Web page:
A coal mine in Wyoming
Coal production for 2015 was about 900 million short tons, which is 10 percent lower than the year before, and the lowest since 1986, the EIA reported. Production in the Central Appalachian Basin has fallen the most, largely due to difficult mining geology and high operating costs. Domestically almost all coal is used to generate electricity, and demand has fallen as the market share of natural gas and renewables has increased. Low natural gas prices, a decline in U.S. coal exports, and federal environmental regulations have all contributed to declining coal demand, the EIA said. Coal is the largest single source of greenhouse gas emissions.
11 Jan 2016:
Scientists Warn of Biodiversity
Impacts of Major Hydropower Projects
Hydropower is considered by many to be a key ingredient to reducing carbon emissions and meeting global climate goals,
The Belo Monte dam under construction in the Amazon
but it comes at a great cost to biodiversity, particularly in tropical rainforests, according to a new report
published in the journal Science
. “Far too often in developing tropical countries, major hydropower projects have been approved and their construction begun before any serious assessments of environmental and socioeconomic impacts had been conducted,” says the report's lead author Kirk Winemiller, an aquatic ecologist at Texas A&M University. The dam-building rush, with more than 450 dams planned for the Amazon, Congo, and Mekong river basins alone, impedes tropical fish migration and vastly expands deforestation due to road construction, according to the authors. Other concerns include development of previously inaccessible terrain, as well as methane emissions from newly built reservoirs.
07 Jan 2016:
New Device Harvests Energy From
Walking and Exercising, Researchers Say
Researchers at MIT have developed a new method
for harnessing energy
generated by very small bending motions, which could be capable
Schematic of new human energy harvester
of harvesting power from a broader range of natural human activities such as walking and exercising. Based on electrochemical principles — the slight bending of a sandwich of metal and polymer sheets, with materials similar to those in lithium ion batteries — the new technology can more effectively capture energy from human motions than previous devices. Those devices, which were based on frictional technology or the compression of crystalline materials, can capture energy from mechanical vibrations, but they are not as compatible with the pace of human movements, the researchers explain in the journal Nature Communications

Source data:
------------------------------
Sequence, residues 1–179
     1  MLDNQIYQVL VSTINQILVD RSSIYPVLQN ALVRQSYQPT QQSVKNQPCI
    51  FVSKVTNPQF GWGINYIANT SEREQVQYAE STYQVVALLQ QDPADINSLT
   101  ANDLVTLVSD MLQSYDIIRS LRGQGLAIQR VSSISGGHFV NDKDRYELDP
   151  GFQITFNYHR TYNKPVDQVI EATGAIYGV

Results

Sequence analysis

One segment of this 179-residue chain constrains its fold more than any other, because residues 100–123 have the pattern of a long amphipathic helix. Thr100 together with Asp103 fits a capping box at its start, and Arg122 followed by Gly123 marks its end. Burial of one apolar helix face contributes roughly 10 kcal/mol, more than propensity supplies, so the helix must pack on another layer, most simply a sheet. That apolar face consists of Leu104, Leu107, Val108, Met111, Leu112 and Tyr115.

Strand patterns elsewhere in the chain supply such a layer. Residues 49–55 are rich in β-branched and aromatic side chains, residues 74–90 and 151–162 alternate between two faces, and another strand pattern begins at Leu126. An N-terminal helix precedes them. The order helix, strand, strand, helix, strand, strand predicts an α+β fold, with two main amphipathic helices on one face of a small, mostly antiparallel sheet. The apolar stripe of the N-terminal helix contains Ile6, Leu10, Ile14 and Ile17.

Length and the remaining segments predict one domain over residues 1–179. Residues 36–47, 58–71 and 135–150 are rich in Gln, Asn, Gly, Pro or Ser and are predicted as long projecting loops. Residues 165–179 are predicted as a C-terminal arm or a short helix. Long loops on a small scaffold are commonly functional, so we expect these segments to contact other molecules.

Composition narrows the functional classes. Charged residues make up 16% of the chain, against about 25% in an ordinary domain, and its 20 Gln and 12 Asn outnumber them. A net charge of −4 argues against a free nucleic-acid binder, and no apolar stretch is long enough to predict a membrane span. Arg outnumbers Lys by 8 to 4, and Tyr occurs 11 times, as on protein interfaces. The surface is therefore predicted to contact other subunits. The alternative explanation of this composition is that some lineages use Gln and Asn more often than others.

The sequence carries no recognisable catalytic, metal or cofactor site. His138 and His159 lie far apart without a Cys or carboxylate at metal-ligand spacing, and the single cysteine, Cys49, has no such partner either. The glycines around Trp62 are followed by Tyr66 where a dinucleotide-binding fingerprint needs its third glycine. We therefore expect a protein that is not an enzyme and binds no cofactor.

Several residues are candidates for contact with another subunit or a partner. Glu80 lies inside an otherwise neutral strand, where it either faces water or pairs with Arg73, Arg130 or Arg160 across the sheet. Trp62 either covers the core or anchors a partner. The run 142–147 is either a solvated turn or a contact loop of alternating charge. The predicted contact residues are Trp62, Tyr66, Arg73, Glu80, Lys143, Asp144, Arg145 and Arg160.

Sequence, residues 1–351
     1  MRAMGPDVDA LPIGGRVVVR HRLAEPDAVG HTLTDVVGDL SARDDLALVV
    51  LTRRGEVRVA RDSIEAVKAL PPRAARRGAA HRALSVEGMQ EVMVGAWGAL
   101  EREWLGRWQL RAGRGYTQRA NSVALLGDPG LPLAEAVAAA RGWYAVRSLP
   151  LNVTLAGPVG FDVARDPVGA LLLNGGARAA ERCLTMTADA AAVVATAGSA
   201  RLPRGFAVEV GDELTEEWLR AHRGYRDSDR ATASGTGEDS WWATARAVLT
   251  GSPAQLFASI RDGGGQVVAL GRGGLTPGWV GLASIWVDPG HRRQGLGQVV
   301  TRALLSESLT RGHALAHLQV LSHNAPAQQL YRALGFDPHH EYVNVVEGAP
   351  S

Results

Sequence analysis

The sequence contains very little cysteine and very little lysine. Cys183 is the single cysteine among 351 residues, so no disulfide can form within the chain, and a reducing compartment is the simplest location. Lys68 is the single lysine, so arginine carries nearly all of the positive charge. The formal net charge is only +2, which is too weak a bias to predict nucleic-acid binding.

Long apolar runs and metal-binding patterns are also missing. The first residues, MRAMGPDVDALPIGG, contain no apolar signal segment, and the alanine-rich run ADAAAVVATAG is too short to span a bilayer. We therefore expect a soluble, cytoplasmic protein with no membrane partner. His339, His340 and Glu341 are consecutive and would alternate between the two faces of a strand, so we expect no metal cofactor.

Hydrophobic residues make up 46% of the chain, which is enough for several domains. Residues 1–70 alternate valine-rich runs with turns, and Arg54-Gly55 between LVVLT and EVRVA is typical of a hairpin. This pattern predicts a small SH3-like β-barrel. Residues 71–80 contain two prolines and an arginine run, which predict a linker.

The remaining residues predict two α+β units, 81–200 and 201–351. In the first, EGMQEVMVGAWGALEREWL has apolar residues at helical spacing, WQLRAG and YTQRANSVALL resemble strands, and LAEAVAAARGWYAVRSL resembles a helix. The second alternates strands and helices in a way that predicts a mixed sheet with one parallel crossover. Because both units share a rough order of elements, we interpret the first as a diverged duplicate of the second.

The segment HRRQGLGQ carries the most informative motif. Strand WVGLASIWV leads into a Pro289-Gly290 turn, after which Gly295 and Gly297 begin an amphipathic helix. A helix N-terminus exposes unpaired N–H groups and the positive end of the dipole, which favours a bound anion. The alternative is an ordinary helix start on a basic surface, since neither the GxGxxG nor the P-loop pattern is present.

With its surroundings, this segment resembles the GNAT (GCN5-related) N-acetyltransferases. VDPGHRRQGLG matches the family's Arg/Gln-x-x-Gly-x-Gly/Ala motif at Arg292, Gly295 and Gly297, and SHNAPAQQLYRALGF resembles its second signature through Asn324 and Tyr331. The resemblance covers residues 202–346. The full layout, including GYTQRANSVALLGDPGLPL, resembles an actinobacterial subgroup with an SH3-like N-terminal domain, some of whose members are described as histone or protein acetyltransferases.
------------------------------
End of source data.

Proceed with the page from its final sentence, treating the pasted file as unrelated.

. When bent even a very small amount, the new layered composite produces a pressure difference that squeezes lithium ions through a polymer. The process produces alternating electrical current, the researchers say, which can be used directly to power devices such as cell phones and audio players.
06 Jan 2016:
Graphene Membrane Can Clean
Nuclear Wastewater, New Research Shows
Microscopic graphene membranes can effectively filter radioactive particles from nuclear reactor wastewater
Microscopic image of graphene membrane
at room temperature, researchers from the University of Manchester have shown. Writing in the journal Science
, the researchers demonstrated that graphene membranes can act as a sieve, separating different varieties of hydrogen — both radioactive and non-radioactive isotopes — from water. The new technology could also be scaled to produce significant amounts of so-called "heavy water," which is a non-radioactive component that is required in large quantities to produce nuclear energy. The graphene technology is 10 times cheaper and more efficient than current methods of producing heavy water. "This is really the first membrane shown to distinguish between subatomic particles," said University of Manchester researcher Marcelo Lozada-Hidalgo.
04 Jan 2016:
More Than Half of Power Plants Could be Hampered by Climate Change
More than 60 percent of the world's power plants could be hampered by changes in climate and water distribution by the middle
Canada's Toba Montrose hydroelectric project
of the century, according to a new analysis published in the journal Nature Climate Change
. Hydropower plants and thermoelectric power plants — nuclear, fossil-, and biomass-fueled plants that convert heat to electricity — rely on freshwater from rivers and streams to produce energy and effectively cool equipment. Together, these types of power plants produce 98 percent of the world's electricity, the researchers note. Changes in climate that lead to water shortages and increased water temperatures will affect electricity generation in some regions more than others, says lead researcher Michelle Van Vliet of Wageningen University in the Netherlands. She notes that adaptation measures focused on making power plants more efficient and flexible — such as switching from freshwater cooling to air or seawater cooling — could mitigate the decline.